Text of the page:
‘To Be Takei’ is an entertaining and moving look at the many roles played by eclectic 77-year-old actor/activist George Takei whose wit, humor and grace has allowed him to become an internationally beloved figure who may be more relevant today than ever. The film balances unprecedented access to the day-to-day life of George and his husband/business partner Brad Takei, starting with George’s fascinating personal journey from his childhood in a U.S. internment camp for Japanese Americans during WWII, through his iconic and groundbreaking role as Sulu on “Star Trek,”® to his rise as an internet phenomenon with over 7-million Facebook fans. The documentary, featuring all surviving Star Trek® cast members on screen for the first time since their hit films, is an entertaining look at the life and work of the multi-faceted George Takei. In the film, director Jennifer M. Kroot (“It Came From Kuchar”) brings the viewer behind the scenes, and provides a revealing, rarely seen look into Takei’s world and showing what it truly means ‘To Be Takei.’ Jason Price of Icon Vs. Icon recently caught up with Jennifer Kroot to discuss her career, the process of capturing George Takei’s amazing life story on film and much more!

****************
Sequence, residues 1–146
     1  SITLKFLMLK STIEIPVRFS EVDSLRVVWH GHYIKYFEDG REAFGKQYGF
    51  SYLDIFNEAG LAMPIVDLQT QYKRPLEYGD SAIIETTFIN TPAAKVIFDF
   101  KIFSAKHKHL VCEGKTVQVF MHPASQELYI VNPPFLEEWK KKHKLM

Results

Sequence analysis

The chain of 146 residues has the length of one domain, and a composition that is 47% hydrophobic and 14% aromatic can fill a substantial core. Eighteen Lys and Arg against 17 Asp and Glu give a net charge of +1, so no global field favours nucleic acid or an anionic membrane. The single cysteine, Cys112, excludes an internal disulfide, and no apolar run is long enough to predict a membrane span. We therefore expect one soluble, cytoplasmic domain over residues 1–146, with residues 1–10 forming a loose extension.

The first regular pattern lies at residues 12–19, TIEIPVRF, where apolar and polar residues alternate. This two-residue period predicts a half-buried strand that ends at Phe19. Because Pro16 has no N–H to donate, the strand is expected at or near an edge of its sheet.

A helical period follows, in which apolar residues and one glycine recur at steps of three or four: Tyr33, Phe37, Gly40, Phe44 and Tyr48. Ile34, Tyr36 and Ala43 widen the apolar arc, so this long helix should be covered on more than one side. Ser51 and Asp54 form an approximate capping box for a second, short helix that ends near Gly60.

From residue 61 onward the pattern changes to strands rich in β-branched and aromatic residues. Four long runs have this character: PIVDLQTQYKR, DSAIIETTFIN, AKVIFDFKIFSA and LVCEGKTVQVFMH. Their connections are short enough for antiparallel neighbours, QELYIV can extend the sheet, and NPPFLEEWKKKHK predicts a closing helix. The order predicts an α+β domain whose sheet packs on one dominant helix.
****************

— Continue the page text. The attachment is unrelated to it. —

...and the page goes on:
I want to give our readers and the viewers of this amazing film a little bit of background on you as a director. What intrigued you early on about filmmaking and made you pursue your passion as a career?